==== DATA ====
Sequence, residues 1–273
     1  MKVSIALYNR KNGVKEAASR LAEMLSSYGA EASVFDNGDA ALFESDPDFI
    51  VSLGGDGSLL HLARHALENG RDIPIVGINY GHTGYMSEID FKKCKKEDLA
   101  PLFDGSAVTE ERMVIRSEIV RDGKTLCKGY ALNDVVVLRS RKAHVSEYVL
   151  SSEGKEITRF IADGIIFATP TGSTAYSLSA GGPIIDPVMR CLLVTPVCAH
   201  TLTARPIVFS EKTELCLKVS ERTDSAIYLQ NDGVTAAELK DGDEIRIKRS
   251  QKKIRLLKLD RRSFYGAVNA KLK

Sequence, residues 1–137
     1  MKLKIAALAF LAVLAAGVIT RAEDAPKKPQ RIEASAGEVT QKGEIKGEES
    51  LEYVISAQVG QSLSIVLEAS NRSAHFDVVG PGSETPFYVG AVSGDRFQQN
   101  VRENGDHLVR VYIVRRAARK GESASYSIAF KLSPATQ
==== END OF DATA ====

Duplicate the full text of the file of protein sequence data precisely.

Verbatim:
Sequence, residues 1–273
     1  MKVSIALYNR KNGVKEAASR LAEMLSSYGA EASVFDNGDA ALFESDPDFI
    51  VSLGGDGSLL HLARHALENG RDIPIVGINY GHTGYMSEID FKKCKKEDLA
   101  PLFDGSAVTE ERMVIRSEIV RDGKTLCKGY ALNDVVVLRS RKAHVSEYVL
   151  SSEGKEITRF IADGIIFATP TGSTAYSLSA GGPIIDPVMR CLLVTPVCAH
   201  TLTARPIVFS EKTELCLKVS ERTDSAIYLQ NDGVTAAELK DGDEIRIKRS
   251  QKKIRLLKLD RRSFYGAVNA KLK

Sequence, residues 1–137
     1  MKLKIAALAF LAVLAAGVIT RAEDAPKKPQ RIEASAGEVT QKGEIKGEES
    51  LEYVISAQVG QSLSIVLEAS NRSAHFDVVG PGSETPFYVG AVSGDRFQQN
   101  VRENGDHLVR VYIVRRAARK GESASYSIAF KLSPATQ